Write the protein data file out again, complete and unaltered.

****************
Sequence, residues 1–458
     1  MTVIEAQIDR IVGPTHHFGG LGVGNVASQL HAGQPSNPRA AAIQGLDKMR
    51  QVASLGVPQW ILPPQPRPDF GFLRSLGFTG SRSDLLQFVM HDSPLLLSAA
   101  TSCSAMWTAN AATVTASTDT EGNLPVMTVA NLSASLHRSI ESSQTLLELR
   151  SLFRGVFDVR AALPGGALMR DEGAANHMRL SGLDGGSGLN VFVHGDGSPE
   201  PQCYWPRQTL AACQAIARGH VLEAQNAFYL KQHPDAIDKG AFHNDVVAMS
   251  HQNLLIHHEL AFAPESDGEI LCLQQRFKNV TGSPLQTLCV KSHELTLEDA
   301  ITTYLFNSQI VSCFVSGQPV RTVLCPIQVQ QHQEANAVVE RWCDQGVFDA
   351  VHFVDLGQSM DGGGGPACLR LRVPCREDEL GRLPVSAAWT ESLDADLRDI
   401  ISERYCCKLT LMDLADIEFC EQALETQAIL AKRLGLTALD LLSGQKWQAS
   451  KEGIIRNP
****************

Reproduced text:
Sequence, residues 1–458
     1  MTVIEAQIDR IVGPTHHFGG LGVGNVASQL HAGQPSNPRA AAIQGLDKMR
    51  QVASLGVPQW ILPPQPRPDF GFLRSLGFTG SRSDLLQFVM HDSPLLLSAA
   101  TSCSAMWTAN AATVTASTDT EGNLPVMTVA NLSASLHRSI ESSQTLLELR
   151  SLFRGVFDVR AALPGGALMR DEGAANHMRL SGLDGGSGLN VFVHGDGSPE
   201  PQCYWPRQTL AACQAIARGH VLEAQNAFYL KQHPDAIDKG AFHNDVVAMS
   251  HQNLLIHHEL AFAPESDGEI LCLQQRFKNV TGSPLQTLCV KSHELTLEDA
   301  ITTYLFNSQI VSCFVSGQPV RTVLCPIQVQ QHQEANAVVE RWCDQGVFDA
   351  VHFVDLGQSM DGGGGPACLR LRVPCREDEL GRLPVSAAWT ESLDADLRDI
   401  ISERYCCKLT LMDLADIEFC EQALETQAIL AKRLGLTALD LLSGQKWQAS
   451  KEGIIRNP